If you have not already done so, you may wish to read the
Introduction to Gnomica.
Friday 23 November 2012
Read gnomica 1-150 here!
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I would hope that a wise Latina woman with the richness of her experiences
would more often than not reach a better conclusion than
a white male who hasn’t lived that life.
Sonia Sotomayor(25 Jun 1954 – )
There is no doubt in my mind that this esteemed Supreme Court justice means what she said, and she is of course entitled to her opinion. But if I understand that meaning, I find it a rather disconcerting thing indeed for a person of her great and particular responsibilities to make. Why? Suppose for ‘Latina’ we substitute ‘white’ and for ‘white’ we substitute ‘black’, thus: I would hope that a wise white woman with the richness of her experiences would more often than not reach a better conclusion than a black male who hasn’t lived that life. I think there would be a hue and cry about that, and quite rightly so.
Either statement strikes me as deeply sexist and deeply racist – nota bene, I did not say that “Either statement is deeply sexist and deeply racist” but that “Either statement strikes me as deeply sexist and deeply racist”. In other words, I am expressing – like the Justice – an opinion, not a fact. My opinion is of no consequence to society at large.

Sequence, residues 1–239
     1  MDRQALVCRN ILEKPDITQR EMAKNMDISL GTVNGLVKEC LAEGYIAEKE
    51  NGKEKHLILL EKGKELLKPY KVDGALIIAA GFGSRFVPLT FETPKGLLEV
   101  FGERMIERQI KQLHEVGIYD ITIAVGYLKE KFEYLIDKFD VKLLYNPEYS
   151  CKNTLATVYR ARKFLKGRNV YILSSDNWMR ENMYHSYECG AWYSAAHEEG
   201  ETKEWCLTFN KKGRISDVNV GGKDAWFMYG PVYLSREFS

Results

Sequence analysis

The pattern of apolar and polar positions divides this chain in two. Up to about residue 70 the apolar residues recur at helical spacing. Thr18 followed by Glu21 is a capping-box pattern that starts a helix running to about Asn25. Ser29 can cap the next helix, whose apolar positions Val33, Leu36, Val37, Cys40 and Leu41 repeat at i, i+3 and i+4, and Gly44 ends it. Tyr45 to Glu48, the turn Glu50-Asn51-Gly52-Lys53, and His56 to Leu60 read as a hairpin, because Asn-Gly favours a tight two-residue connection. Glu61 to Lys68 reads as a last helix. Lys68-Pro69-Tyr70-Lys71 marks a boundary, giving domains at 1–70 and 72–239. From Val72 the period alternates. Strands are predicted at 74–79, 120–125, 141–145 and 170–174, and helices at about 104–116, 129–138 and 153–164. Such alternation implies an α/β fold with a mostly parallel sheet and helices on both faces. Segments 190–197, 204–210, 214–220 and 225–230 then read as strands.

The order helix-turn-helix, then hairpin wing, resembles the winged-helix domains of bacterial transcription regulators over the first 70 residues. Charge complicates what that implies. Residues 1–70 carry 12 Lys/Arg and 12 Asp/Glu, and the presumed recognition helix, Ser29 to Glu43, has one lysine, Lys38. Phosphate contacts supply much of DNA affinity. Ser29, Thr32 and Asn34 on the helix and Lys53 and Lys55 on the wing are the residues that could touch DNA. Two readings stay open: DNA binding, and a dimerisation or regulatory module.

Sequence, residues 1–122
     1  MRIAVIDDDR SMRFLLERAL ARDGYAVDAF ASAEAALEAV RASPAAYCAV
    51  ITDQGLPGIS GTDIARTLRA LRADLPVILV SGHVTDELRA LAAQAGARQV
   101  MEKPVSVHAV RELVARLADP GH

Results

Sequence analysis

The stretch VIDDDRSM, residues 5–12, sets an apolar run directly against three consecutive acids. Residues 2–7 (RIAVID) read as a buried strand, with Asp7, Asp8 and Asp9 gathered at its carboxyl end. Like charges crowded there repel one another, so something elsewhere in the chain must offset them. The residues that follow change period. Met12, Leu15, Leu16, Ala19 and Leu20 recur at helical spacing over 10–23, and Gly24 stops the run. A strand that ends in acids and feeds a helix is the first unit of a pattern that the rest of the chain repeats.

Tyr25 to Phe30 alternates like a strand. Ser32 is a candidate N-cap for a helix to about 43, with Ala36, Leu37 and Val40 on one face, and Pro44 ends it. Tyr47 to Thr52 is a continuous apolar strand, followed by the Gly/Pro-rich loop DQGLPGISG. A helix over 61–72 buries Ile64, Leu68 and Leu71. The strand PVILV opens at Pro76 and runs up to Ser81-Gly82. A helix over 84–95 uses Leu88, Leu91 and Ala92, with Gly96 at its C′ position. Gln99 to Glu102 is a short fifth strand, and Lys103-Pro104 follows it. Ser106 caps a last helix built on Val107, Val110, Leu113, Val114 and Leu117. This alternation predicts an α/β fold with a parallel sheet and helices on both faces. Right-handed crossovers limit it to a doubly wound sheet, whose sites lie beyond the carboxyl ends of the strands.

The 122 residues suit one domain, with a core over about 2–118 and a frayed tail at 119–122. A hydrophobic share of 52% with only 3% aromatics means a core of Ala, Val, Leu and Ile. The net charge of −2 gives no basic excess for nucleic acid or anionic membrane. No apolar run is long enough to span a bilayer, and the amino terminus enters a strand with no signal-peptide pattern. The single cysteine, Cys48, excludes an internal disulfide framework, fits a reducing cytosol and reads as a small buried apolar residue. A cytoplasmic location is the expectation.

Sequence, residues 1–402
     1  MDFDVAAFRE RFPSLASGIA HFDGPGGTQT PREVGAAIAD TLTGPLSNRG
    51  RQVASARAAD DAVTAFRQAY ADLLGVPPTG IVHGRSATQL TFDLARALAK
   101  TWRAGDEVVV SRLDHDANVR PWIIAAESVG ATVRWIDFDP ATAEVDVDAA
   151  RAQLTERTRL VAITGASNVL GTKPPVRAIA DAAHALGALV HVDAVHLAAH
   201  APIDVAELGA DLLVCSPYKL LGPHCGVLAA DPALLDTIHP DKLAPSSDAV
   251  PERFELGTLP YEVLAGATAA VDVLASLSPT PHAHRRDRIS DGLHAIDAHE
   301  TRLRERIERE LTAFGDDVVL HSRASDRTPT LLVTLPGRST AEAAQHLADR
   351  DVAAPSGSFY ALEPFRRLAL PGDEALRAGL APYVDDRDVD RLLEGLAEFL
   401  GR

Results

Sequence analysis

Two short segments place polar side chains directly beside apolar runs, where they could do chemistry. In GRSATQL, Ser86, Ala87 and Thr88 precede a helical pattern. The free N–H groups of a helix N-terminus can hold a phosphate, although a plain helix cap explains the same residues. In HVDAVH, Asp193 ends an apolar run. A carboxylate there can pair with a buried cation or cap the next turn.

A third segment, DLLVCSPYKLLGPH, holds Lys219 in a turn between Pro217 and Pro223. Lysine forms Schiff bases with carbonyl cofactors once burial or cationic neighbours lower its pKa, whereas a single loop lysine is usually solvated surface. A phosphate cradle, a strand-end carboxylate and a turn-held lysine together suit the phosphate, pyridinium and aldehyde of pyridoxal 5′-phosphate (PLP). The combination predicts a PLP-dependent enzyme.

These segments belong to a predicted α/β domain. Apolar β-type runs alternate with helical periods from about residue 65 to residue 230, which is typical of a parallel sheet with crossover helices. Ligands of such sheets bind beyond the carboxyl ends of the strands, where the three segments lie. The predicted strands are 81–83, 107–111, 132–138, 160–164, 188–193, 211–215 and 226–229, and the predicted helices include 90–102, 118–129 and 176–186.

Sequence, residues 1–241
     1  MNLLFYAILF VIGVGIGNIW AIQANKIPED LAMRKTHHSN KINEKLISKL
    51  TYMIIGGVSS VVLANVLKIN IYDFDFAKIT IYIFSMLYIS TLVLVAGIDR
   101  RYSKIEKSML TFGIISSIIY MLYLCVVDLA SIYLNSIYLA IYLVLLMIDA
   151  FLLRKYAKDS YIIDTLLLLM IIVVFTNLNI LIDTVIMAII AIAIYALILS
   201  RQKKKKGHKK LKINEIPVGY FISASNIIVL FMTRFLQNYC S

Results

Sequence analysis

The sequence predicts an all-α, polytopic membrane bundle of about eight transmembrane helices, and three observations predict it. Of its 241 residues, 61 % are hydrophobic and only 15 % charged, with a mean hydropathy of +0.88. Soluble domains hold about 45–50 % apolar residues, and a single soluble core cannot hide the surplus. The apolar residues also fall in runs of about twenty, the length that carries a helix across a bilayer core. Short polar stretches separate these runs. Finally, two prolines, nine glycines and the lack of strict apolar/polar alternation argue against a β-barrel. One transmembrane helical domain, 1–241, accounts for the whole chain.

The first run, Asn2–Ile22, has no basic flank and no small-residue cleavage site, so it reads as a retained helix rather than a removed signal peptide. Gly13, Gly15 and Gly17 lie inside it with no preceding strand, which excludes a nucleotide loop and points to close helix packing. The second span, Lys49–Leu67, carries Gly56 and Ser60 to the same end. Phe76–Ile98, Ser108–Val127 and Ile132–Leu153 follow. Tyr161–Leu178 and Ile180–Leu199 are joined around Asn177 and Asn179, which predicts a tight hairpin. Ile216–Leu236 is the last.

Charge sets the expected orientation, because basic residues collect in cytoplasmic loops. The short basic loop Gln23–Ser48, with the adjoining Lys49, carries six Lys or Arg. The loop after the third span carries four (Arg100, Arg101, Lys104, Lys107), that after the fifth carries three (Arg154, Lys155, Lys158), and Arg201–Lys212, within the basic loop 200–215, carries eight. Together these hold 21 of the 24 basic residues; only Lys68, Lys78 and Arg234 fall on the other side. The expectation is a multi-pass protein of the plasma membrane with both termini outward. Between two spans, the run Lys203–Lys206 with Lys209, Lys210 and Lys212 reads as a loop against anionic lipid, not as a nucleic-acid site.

My essential and insurmountable problem with the statement is its essentialism. True, as the Justice says, there “is no doubt” in her mind that [I assume the “wise Latina woman” to whom she is referring is herself] “her richness of experience” is somehow special in a way that a white male’s would, or could, not be. If so, I respectfully disagree. As I would if it were suggested that because a woman has not had the richness of experience that a white man has he would reach a better conclusion than she.
It seems to me that once you start down that path, you would have to acknowledge that every human being in the course of life has had a ‘richness of experience’ that is of necessity different from the ‘richness of experience’ of every other human being, and – that being the case – every human, which becomes any human, would “more often than not reach a better conclusion than” than any other human. And then, how – on what articulated basis — to privilege one human’s ‘richness of experience’ over that of any other individual? Is the making of (universalizing) law to be swayed by such personal differentiae? Her observation here seems to contradict another point she once made, namely: “It’s not the heart that compels conclusions in cases, it’s the law.” I am not sure how it is the “law” and not the “heart” that would in fact be salient in a “Latina woman with the richness of her experiences” reaching “a better conclusion” in the legal sense than a white male.
Well, just some musings post-Thanksgiving for living in this nation of objective law and its enforcement that is America.
PS After writing this piece and thinking about it some more, I googled the phrase “a wise Latina woman with the richness” and found that there has in fact been considerable puzzlement (or worse) on a number of fronts about the honorable Judge’s statement – here.